Dartmouth, and the towns around Hanover, did not suffer as badly but were not spared. The College recorded 325 cases of the flu. One faculty member, five students, and 10 soldiers posted at a military training detachment on campus succumbed to the disease.
"One of the first signs of this epidemic would have been that the number of [obituary] pages in the [local newspaper] would increase threefold," explains Dr. Elmer Pfefferkorn, a virologist and professor emeritus of microbiology at Dartmouth Medical School. "This really reflects the extraordinary death rate from that epidemic. It's unprecedented in medical history. There hasn't been an event like that. Not even wars and starvations and other untoward events... have [had] this extraordinary mortality."
The 1918 flu was notable not only for how many people died, but also for who died; an unusual number of victims were previously healthy 25- to 35- year-olds. "The traditional influenza would kill off the elderly and the very young—and certainly those groups fared badly in the  epidemic," Pfefferkorn explains. But "the astonishing thing was the peak of death rates in the young, presumably most healthy, group we had. It was a great social tragedy because . . . [that] generation had yet to make its major contribution to society."
Those who lived in close quarters, like military barracks, were especially susceptible to the virus. And wartime demands meant that many college campuses had been turned into military installations. At Dartmouth, 272 men in an Army training detachment were barracked in the gymnasium, and 695 students in the Student Army Training Corps (SATC) were barracked in dorms. Commons, then the student dining hall (in the building that today houses the Collis Student Center), functioned as a military mess. When students and soldiers began falling ill with flu, the gym was turned into a hospital and College Hall into a convalescent facility.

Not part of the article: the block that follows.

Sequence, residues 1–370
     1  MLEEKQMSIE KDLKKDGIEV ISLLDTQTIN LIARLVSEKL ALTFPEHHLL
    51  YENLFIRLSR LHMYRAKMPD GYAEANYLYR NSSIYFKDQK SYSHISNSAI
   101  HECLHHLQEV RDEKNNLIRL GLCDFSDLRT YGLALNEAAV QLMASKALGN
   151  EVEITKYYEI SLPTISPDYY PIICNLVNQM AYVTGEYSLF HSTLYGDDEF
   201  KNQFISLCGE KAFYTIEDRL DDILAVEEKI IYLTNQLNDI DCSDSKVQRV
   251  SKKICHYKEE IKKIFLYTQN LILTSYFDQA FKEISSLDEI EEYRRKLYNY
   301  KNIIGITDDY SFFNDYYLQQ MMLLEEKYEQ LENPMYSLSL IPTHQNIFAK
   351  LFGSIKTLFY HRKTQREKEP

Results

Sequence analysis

grippe, and pneumonia
have made their
appearances here. . . .
Two fellows in North
pneumonia. I only hope
I can steer clear of it.
At present I am okay."
The November 1918 issue of the Dartmouth Alumni Magazine rued the fact that "Dartmouth and Hanover, healthful as is their location, were unable to escape the ravages of the epidemic of Spanish influenza. . . . But the epidemic was brought to a stop here much more quickly than in most communities, and the percentage of fatalities was lower, so that we may congratulate ourselves on our good fortune in escaping as early as we did.
"That which contributed to the quick control of the situation was the stopping of all class work of the College for a period of two weeks. All academic work ceased on the morning of October 1, the day of the induction of the SATC, to be resumed on the morning of October 14, when further spread of the disease
appeared to be checked. During that period, the outdoor work of the SATC went on in intensified form. The only activity was the drilling of units, and the students were thereby kept out of doors for at least nine hours a day—in itself a good preventive of the influenza."
The Dartmouth archives also contain a number of letters and journals describing the events of that fall. Clifford Orr, a DC '22 who went on to become a writer, including for the New Yorker magazine, chronicled the epidemic in letters to his parents. Harold Rugg, a DC '06 who in 1918 was on the staff of Dartmouth's Baker Library, kept a journal that fall. And the archives also contain letters to and from Ernest Martin Hopkins, a DC '01 and the president of Dartmouth College from 1916 to 1945. Here are a few excerpts from these accounts:
September 22, 1918; from Clifford Orr to his mother:
Spanish influenza, grippe, and pneumonia have made their appearances here. Several soldiers have the former and in one dormitory two students have it seriously, while eight or 10 others think they are "coming down" with it. Two fellows in North Fayerweather have pneumonia. I only hope I can steer clear of it. At present I am okay. . . .
A professor of political science died last night, and the flags are half-mast today. He was all right yesterday noon, and many are the rumors of the cause of his death—everything from influenza to suicide. [This death was not, in the end, attributed to influenza.]
The epidemic has brought again into popularity the old rhyme:
I had a little bird
and his name was Enza,
I opened up the cage
September 25, 1918; Harold Rugg's journal:
Called on [Donald] Powell, who is sick